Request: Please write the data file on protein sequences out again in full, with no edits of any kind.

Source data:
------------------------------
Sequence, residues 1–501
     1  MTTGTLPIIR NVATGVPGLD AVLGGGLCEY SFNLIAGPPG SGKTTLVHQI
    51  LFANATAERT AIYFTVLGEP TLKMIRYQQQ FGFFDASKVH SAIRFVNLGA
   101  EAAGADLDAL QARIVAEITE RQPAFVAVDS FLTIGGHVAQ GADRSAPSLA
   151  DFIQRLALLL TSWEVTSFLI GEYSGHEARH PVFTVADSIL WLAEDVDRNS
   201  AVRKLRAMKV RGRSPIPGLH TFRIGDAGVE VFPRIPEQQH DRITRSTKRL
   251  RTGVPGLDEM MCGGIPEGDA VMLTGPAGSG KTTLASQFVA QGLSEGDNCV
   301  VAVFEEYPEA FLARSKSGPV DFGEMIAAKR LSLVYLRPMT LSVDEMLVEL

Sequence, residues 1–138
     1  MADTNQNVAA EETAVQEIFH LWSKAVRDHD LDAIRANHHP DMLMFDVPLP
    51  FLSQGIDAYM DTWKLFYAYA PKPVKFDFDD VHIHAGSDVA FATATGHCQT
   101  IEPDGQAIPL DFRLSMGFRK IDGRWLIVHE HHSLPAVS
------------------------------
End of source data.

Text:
Sequence, residues 1–501
     1  MTTGTLPIIR NVATGVPGLD AVLGGGLCEY SFNLIAGPPG SGKTTLVHQI
    51  LFANATAERT AIYFTVLGEP TLKMIRYQQQ FGFFDASKVH SAIRFVNLGA
   101  EAAGADLDAL QARIVAEITE RQPAFVAVDS FLTIGGHVAQ GADRSAPSLA
   151  DFIQRLALLL TSWEVTSFLI GEYSGHEARH PVFTVADSIL WLAEDVDRNS
   201  AVRKLRAMKV RGRSPIPGLH TFRIGDAGVE VFPRIPEQQH DRITRSTKRL
   251  RTGVPGLDEM MCGGIPEGDA VMLTGPAGSG KTTLASQFVA QGLSEGDNCV
   301  VAVFEEYPEA FLARSKSGPV DFGEMIAAKR LSLVYLRPMT LSVDEMLVEL

Sequence, residues 1–138
     1  MADTNQNVAA EETAVQEIFH LWSKAVRDHD LDAIRANHHP DMLMFDVPLP
    51  FLSQGIDAYM DTWKLFYAYA PKPVKFDFDD VHIHAGSDVA FATATGHCQT
   101  IEPDGQAIPL DFRLSMGFRK IDGRWLIVHE HHSLPAVS